To determine the effects of CS on innate immune defenses, upper airway epithelial cells were concurrently exposed to CSC, HK NT H. influenzae, or both. Treatment with CSC brought about a dose-dependent, statistically significant reduction in the levels of HK H. influenzae-induced IL-8 production in A549 respiratory epithelial cells (Fig. (Fig.1A).1A). At the lower dose of HK NT H. influenzae, a significant (P < 0.05) reduction in IL-8 was seen only at the highest dose of CSC (200 μg/ml), but at the higher NT H. influenzae dose, significant inhibition was noted at all CSC doses tested (Fig. (Fig.1A).1A). A similar dose-dependent reduction in IL-8 production was observed when A549 (Fig. (Fig.1B)1B) and 1HAEo− (data not shown) cells were treated with the Gram-positive upper airway pathogen S. aureus in the presence of CSC. CSC inhibited the epithelial IL-8 response to live S. aureus (data not shown), live NT H. influenzae (Fig. (Fig.1C),1C), and purified TNF-α (Fig. (Fig.1D).1D). Similar findings were observed when CSE, rather than CSC, was used (Fig. (Fig.1E).1E). We also noted that CSC significantly reduced HK NT H. influenzae-induced IL-8 production in 1HAEo− cells of airway and in HeLa cells of nonairway (cervical) origin (data not shown), suggesting that CSC-mediated IL-8 downregulation may be conserved among various anatomic sites.
In all experiments, cytotoxicity associated with different treatments was determined by assaying LDH released in cellular supernatants at the end of the incubation periods. No treatment induced cytotoxicity significantly different from that of the corresponding DMSO-alone controls. Percent cytotoxicity (±SD) was as follows, after 4 h treatment of A549 cells with the indicated treatments: DMSO, 6.9 ± 1.6; CSC, 7.5 ± 1.6; DMSO plus 108 HK NT H. influenzae, 9 ± 4.5; CSC plus 108 HK NT H. influenzae, 7 ± 1.7 (P values were not significant).
NT H. influenzae-associated molecular patterns interact with various host pattern recognition receptors, such as Toll-like receptors, leading to the induction of proinflammatory cytokines and type I IFNs (18). IL-8 protein production may be regulated both at the level of transcription and posttranslationally (13). Because CSC dampened the production of IL-8 by epithelial cell lines in response to bacterial pathogens, we assessed whether this effect was due to the reduction in the level of IL-8 transcription. Levels of IL-8 mRNA transcripts from A549 cells exposed to CSC or DMSO in the presence or absence of HK NT H. influenzae were determined using quantitative real-time PCR. At 2 and 4 h postexposure, H. influenzae stimulation led to a 15- to 20-fold increase in IL-8 mRNA levels (P < 0.001) (Fig. (Fig.2A).2A). When CSC was present along with H. influenzae, there was a statistically significant (P value of <0.05 at 2 h and <0.001 at 4 h) decrease in IL-8 mRNA transcript levels compared to those from cells treated with H. influenzae and DMSO. IL-6 is another important neutrophil chemokine secreted by the cells of airway epithelium in response to NT H. influenzae (16). We used differentiated primary murine respiratory epithelial cells grown at an air-liquid interface as a model that mimics many characteristics of murine airway epithelium in vivo. In this system, we observed that HK NT H. influenzae induces a robust upregulation of IL-6 (50- to 100-fold) as well as IFN-β (20-fold) transcription (P < 0.001). When CSC was present along with HK NT H. influenzae, there was a 3-fold reduction in the level of IL-6 mRNA transcript (Fig. (Fig.2B).2B). A similar effect was observed in A549 cells (Fig. (Fig.2A).2A). It is important to note that treatment with CSC does not nonspecifically affect all transcription, as CSC did not reduce NT H. influenzae-induced IFN-β transcription in primary murine respiratory epithelial cells (Fig. (Fig.2C)2C) or the level of GAPDH housekeeping gene transcript in A549 cells (Fig. (Fig.2D).2D). Taken together, these results suggested the existence of a selective immunosuppressive effect of CS on epithelial innate immune responses to bacteria.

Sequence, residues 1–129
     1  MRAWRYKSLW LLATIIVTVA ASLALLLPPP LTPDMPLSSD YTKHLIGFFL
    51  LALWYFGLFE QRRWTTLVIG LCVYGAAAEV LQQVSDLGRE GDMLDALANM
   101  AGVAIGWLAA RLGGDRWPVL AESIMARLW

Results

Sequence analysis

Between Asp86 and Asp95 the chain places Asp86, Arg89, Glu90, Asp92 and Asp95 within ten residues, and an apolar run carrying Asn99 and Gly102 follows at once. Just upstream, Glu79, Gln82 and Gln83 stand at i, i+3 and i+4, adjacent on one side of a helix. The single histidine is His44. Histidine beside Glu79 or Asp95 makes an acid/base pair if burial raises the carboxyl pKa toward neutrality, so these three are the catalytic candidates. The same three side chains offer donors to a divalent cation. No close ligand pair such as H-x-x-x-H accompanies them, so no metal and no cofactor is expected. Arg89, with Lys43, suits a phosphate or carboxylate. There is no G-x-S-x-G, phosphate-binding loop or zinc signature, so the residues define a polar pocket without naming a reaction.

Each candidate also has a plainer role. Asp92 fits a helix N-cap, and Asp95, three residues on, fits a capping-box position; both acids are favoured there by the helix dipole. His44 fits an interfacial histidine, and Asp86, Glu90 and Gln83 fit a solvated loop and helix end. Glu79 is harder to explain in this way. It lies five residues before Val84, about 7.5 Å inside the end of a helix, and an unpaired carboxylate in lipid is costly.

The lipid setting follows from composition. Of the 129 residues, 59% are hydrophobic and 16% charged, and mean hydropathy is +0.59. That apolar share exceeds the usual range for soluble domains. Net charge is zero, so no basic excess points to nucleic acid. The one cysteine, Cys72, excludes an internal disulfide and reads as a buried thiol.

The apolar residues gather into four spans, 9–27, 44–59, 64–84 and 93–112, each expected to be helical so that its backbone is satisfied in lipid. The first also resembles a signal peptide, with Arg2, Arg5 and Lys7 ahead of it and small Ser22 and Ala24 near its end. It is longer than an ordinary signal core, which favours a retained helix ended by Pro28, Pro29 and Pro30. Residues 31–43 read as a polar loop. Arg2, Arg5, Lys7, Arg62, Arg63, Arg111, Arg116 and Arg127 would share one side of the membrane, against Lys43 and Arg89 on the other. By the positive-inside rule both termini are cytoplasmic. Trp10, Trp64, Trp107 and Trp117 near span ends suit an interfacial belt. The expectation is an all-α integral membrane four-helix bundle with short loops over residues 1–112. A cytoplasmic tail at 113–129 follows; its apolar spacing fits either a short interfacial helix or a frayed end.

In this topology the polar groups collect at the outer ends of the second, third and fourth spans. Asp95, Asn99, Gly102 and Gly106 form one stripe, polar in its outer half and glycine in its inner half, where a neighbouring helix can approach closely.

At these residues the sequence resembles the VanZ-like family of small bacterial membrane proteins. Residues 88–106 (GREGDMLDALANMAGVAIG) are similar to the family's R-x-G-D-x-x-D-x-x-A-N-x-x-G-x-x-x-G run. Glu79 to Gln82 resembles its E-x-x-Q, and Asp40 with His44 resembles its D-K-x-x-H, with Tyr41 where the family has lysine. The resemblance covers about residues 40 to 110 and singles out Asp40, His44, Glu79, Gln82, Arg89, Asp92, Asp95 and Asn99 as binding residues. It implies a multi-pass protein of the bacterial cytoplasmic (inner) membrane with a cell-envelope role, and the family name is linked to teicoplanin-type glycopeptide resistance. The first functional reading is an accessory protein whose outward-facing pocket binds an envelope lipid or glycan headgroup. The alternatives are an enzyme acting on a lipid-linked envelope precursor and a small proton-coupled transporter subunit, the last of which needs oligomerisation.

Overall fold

NT H. influenzae induces the activation of p38 and JNK MAPK leading to the upregulation of a variety of key inflammatory mediators, including IL-8 (7, 8, 29). To assess the effects of CSC on NT H. influenzae-induced MAPK activation, A549 airway epithelial cells were treated with HK H. influenzae in either the presence or absence of 200 μg/ml CSC for 30 or 60 min. Western blot analysis of the lysates revealed that a concurrent addition of CSC did not affect the extent of p38 or JNK phosphorylation in response to NT H. influenzae at 30 min. There was a minor but reproducible decrease in the intensity of p38 and JNK phosphorylation at 60 min compared to those of the matched controls without CSC exposure. ERK phosphorylation was not affected by CSC exposure. (Fig. (Fig.33).
NF-κB binding sites in promoter regions are essential for transcriptional activation of IL-6 and IL-8 genes (13, 23). NT H. influenzae is a known inducer of NF-κB in epithelial cells (29). To confirm the role of NF-κB in NT H. influenzae-mediated IL-8 production, we used TPCK, a chemical inhibitor that prevents IκB degradation and nuclear localization of NF-κB. Pretreatment of A549 cells with 50 μM TPCK inhibited IL-8 production 4-fold (Fig. (Fig.4A).4A). After establishing the importance of NF-κB in the NT H. influenzae-mediated IL-8 response, we analyzed whether CSC had an inhibitory effect on H. influenzae-induced NF-κB activation. A549 cells transfected with a plasmid carrying a firefly luciferase reporter gene downstream of NF-κB binding site repeats (pNFκBluc) were treated with HK H. influenzae with or without CSC, and luminescence was measured. Treatment with CSC reduced the H. influenzae-induced epithelial NF-κB activation to levels indistinguishable from those in untreated cells (Fig. (Fig.4B4B).